NEW YORK (Reuters Health) - How much lean body mass a woman has appears to have a lot to do with her genes, according to a new twin study published online in the Journal of Clinical Endocrinology and Metabolism.
Lean body mass, fat mass and bone mass are the three major components of body composition, Dr. Gregory Livshits of Tel Aviv University in Israel and colleagues note. But while much is known about the genetics of fat mass and bone mass, as well as their effects on health and fitness, less data are available on lean mass.
Understanding lean mass is important, Livshits and his team add, because it can dwindle with age, leading to reduced fitness and greater frailty.
To understand the role of genes in lean mass, the researchers evaluated 3,180 UK women, including 509 identical twin pairs and 1,081 fraternal twin pairs. Such twin studies allow scientists to separate out the effects of environment and heredity; identical twins share 100 percent of their genetic code while fraternal pairs share 50 percent.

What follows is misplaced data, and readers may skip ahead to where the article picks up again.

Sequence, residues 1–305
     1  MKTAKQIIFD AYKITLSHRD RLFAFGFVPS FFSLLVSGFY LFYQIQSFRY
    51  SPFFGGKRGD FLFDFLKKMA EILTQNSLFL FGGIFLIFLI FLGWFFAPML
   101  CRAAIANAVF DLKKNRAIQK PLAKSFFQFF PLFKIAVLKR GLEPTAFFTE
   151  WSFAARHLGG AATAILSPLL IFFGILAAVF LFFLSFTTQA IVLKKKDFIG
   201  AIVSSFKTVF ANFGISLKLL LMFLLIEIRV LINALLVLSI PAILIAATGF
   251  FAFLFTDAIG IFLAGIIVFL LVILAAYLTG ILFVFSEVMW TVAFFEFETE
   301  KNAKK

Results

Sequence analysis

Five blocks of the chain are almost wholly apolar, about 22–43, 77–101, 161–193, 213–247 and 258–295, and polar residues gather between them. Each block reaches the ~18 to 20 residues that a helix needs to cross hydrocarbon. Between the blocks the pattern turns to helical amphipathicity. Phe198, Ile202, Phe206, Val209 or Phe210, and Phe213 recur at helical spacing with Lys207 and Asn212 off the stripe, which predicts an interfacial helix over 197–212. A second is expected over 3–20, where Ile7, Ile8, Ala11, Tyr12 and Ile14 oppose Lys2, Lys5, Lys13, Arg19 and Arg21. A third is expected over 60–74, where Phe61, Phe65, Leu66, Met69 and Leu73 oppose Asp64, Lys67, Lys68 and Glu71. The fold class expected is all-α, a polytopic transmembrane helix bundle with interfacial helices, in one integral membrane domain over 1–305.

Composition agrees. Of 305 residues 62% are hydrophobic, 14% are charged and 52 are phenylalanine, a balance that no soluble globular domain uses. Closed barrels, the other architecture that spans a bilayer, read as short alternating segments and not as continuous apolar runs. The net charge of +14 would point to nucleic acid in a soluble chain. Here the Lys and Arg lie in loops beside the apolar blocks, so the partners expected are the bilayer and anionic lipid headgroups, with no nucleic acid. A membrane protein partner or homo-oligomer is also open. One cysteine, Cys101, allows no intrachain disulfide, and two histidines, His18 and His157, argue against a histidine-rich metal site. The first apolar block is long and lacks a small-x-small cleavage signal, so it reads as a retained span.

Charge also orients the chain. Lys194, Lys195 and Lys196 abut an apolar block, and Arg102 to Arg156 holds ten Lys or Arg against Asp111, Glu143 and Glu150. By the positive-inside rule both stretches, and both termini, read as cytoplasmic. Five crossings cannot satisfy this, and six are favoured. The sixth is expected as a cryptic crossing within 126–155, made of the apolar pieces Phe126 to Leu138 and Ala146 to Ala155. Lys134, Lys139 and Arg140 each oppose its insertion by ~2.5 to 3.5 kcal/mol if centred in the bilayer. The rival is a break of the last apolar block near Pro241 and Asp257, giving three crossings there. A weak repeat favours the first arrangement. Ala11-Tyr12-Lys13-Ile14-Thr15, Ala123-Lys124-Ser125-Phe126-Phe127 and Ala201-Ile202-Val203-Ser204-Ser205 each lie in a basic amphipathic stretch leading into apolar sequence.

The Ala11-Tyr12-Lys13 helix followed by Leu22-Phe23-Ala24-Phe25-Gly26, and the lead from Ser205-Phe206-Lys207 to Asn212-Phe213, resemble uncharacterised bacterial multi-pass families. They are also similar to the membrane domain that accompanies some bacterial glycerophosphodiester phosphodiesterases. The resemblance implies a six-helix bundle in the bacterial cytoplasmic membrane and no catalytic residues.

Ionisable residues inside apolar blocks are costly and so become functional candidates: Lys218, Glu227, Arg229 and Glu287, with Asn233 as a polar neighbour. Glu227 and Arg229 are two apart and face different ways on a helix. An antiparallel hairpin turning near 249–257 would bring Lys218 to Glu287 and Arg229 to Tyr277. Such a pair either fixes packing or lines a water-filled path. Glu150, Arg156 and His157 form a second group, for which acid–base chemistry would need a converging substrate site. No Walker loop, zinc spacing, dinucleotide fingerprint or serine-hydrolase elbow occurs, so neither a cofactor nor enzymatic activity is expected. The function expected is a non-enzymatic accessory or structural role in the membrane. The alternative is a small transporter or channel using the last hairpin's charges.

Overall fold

Height was strongly linked to lean mass, the researchers found, while total fat mass and bone mineral density made a weaker but still significant contribution. After adjusting the data to account for the influence of other factors, the researchers found that genetic factors accounted for 65.2 percent of the variation in total lean body mass.
The researchers also performed genome scans on all of the fraternal twins to identify genes that might play a role in determining lean mass. They identified candidates on chromosomes 12 and 14.
“Replication studies from other populations followed by fine mapping should be the next step in identifying the individual genes involved which could have important physiologic effects on bone and fat as well as muscle,” the researchers conclude.
SOURCE: Journal of Clinical Endocrinology and Metabolism, August 2007.